Communing with the devil on an Apple ][

In the week leading up to halloween, @destroyed4com4t introduced me to the amazing movie Evilspeak. This film, made in 1981, is about an outcast boy in military school who comes across a book. This book — the diary of a Spanish satanist (Esteban) from centuries before — is written in Latin. It is also, of course, evil. The kid uses his leet hax0r skillz to translate it into English, decades before Google Translate existed. The computer and the kid become possessed. Bad things happen. It plays out like a bad 80s horror film. You don’t really need to know the story. You just need to see the graphics.

satanic_computer_setup

translation

The “computer graphics” in this film are nothing short of astounding. A few scenes use the native 40-column chargen of the actual computer but most of them use graphics far beyond what the Apple ][ could display. I can only imagine they were hand-animated and rotoscoped onto stills of the computer screen. But they’re amazing enough to share in gif form:

Esteban makes himself known
Esteban makes himself known
The computer induces some spine-twisting action, killing an antagonist
The computer induces some spine-twisting action, killing a bully
an upside-down cross, an evil book
an upside-down cross, an evil book
human_blood
human blood
weird trippy stuff; a satanic Doctor Who intro
weird trippy stuff; a satanic Doctor Who intro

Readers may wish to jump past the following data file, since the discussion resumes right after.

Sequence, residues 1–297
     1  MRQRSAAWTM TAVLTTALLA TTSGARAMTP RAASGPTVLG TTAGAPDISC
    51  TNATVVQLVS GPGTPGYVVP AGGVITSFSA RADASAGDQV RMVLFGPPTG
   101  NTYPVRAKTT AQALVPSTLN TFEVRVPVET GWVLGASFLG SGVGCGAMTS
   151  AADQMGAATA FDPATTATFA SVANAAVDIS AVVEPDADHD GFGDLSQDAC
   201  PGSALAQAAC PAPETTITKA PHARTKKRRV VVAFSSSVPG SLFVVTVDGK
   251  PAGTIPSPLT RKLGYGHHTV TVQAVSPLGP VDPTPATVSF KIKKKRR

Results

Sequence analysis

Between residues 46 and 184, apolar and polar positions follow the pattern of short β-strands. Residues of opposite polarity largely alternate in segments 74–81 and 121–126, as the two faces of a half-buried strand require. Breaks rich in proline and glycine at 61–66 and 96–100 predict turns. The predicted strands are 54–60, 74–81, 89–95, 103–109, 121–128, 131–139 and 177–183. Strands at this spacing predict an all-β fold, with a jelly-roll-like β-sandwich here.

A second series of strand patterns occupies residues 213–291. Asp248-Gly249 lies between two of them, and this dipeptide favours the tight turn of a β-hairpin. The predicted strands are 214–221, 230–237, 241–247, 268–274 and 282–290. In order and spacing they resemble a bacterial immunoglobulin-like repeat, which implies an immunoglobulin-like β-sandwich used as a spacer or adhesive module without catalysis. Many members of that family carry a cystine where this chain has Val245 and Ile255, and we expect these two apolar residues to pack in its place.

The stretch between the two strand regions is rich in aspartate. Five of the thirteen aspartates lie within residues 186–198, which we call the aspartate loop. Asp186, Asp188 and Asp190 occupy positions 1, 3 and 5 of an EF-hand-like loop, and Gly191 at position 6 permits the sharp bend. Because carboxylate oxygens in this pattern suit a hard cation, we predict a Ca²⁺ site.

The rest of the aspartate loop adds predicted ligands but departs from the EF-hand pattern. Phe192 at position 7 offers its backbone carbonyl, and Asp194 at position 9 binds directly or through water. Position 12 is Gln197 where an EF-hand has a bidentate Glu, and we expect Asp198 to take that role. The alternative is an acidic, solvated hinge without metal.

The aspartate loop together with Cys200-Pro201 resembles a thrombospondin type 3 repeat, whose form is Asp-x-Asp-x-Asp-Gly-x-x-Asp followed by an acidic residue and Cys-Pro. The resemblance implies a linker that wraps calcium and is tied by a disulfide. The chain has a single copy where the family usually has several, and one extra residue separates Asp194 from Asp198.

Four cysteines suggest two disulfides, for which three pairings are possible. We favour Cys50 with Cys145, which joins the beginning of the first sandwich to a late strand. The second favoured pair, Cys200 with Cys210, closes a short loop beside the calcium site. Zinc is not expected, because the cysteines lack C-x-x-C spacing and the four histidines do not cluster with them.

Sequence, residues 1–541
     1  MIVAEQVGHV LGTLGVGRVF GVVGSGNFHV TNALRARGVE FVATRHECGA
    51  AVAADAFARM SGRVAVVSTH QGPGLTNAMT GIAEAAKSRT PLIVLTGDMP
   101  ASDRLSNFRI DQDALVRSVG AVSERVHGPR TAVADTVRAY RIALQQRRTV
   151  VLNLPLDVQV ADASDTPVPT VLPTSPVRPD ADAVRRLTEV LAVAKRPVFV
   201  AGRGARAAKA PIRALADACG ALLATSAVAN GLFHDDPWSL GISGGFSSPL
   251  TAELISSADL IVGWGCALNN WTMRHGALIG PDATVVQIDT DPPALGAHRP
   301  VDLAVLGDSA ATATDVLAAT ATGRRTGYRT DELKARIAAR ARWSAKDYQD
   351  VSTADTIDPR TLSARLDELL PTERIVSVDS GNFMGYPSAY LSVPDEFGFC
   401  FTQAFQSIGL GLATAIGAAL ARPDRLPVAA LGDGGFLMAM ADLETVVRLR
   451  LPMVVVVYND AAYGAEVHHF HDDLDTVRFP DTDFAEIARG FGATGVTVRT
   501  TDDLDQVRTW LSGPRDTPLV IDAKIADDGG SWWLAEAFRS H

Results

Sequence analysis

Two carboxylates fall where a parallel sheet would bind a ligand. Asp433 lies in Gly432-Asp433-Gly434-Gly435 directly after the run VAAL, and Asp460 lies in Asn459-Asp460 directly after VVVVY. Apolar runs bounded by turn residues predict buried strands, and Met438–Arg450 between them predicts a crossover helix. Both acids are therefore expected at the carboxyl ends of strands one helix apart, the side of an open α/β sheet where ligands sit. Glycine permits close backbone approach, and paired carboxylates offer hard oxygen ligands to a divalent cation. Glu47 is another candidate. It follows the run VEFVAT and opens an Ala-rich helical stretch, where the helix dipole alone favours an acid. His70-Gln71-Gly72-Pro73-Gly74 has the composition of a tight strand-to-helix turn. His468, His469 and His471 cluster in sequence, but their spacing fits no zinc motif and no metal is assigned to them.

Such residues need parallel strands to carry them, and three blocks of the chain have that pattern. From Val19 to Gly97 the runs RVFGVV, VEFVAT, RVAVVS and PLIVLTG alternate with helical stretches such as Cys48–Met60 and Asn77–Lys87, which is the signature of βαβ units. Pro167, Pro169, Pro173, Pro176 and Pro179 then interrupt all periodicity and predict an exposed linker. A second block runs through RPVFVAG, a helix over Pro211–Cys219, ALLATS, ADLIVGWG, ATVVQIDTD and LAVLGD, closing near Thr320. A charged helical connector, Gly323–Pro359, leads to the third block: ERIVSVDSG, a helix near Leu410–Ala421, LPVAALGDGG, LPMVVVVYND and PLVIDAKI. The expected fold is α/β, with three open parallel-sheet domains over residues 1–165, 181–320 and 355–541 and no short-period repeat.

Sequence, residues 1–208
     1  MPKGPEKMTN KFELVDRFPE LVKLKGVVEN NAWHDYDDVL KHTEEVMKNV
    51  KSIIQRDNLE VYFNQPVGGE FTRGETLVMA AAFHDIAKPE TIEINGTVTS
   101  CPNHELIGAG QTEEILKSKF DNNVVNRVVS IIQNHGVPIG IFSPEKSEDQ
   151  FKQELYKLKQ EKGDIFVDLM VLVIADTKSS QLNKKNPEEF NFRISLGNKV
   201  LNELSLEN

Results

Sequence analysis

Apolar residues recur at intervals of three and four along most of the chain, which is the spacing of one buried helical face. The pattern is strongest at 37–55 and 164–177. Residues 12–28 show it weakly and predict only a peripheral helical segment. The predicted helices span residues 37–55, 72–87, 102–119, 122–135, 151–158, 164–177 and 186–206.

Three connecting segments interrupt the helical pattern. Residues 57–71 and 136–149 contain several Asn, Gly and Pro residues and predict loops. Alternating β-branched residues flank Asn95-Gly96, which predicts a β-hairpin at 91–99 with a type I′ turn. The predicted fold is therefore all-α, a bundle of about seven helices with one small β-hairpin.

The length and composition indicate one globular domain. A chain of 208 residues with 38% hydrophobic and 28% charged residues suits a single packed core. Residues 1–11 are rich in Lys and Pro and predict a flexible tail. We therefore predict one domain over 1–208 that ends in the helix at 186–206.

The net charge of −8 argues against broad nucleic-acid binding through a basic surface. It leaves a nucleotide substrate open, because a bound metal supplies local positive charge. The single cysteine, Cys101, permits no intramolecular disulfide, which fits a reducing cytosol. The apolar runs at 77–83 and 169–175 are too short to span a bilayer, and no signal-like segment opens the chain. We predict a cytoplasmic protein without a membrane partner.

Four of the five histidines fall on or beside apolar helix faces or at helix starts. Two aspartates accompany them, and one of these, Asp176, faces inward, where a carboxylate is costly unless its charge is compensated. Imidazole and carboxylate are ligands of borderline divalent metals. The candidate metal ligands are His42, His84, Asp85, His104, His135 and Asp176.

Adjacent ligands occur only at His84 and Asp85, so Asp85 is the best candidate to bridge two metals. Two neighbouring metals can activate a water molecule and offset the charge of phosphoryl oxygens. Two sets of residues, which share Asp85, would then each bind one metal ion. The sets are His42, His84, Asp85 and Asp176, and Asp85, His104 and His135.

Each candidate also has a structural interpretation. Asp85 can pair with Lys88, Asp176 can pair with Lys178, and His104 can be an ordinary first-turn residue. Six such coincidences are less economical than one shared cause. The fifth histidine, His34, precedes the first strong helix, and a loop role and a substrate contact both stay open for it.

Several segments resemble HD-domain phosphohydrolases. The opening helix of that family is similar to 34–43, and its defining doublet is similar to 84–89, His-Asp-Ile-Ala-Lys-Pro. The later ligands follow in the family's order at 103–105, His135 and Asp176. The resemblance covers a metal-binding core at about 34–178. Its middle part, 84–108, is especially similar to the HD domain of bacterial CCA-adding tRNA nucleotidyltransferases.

I will return — variant 1
I will return — variant 1
I will return — variant 2
I will return — variant 2
I will return — variant 3
I will return — variant 3

Warning: nerdy tech stuff follows

For those that are interested in how I made these gifs, it was a two (and sometimes three) step process. Universally, the first step was to extract out video from the source file near these animations. For making gifs, it is much easier to work with a video that has a few seconds of slop on either side of the thing you’re interested in than it is to work with the entire hour-and-a-half movie as one large clip. I used ffmpeg, telling it not to extract audio and to extract video as-is — that is, remux it but don’t re-encode it.

ffmpeg -ss 0:46:26 -i ../Evilspeak.mp4 -t 0:00:27 -vcodec copy -an esteban_intro.mp4
ffmpeg -ss 0:52:10 -i ../Evilspeak.mp4 -t 0:00:55 -vcodec copy -an spine.mp4
ffmpeg -ss 1:14:02 -i ../Evilspeak.mp4 -t 0:00:21 -vcodec copy -an cross_book.mp4
ffmpeg -ss 1:17:46 -i ../Evilspeak.mp4 -t 0:00:15 -vcodec copy -an human_blood.mp4
ffmpeg -ss 1:19:51 -i ../Evilspeak.mp4 -t 0:00:16 -vcodec copy -an trippy1.mp4
ffmpeg -ss 1:21:53 -i ../Evilspeak.mp4 -t 0:00:21 -vcodec copy -an trippy2.mp4
ffmpeg -ss 1:29:46 -i ../Evilspeak.mp4 -t 0:00:32 -vcodec copy -an return.mp4

This gave me seven short clips to work with.

A few of these clips required a middle step. They hold animation interspersed with live action, but I did not want the live action in the final gif. I loaded these clips into QuickTime Pro, deleted the segments I wasn’t interested in, then re-exported.

The final step was to convert video frames to gif frames. Long ago I would have used ffmpeg to extract frames of video at a given framerate, then used gifsicle to stitch them together into an animation. More recently, I’ve found GIF Brewery, a Mac app that lets you interactively select in/out points in the video, then export using a variety of gif parameters.

And now you, too, have seen the amazing computer graphics of Evilspeak.

Posted in: Dear Diary Pictures

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Brian Enigma

Brian Enigma is a Portlander, manipulator of atoms & bits, minor-league blogger, and all-around great guy. He typically writes about the interesting “maker” projects he's working on, but sometimes veers off into puzzles, software, games, local news, and current events.

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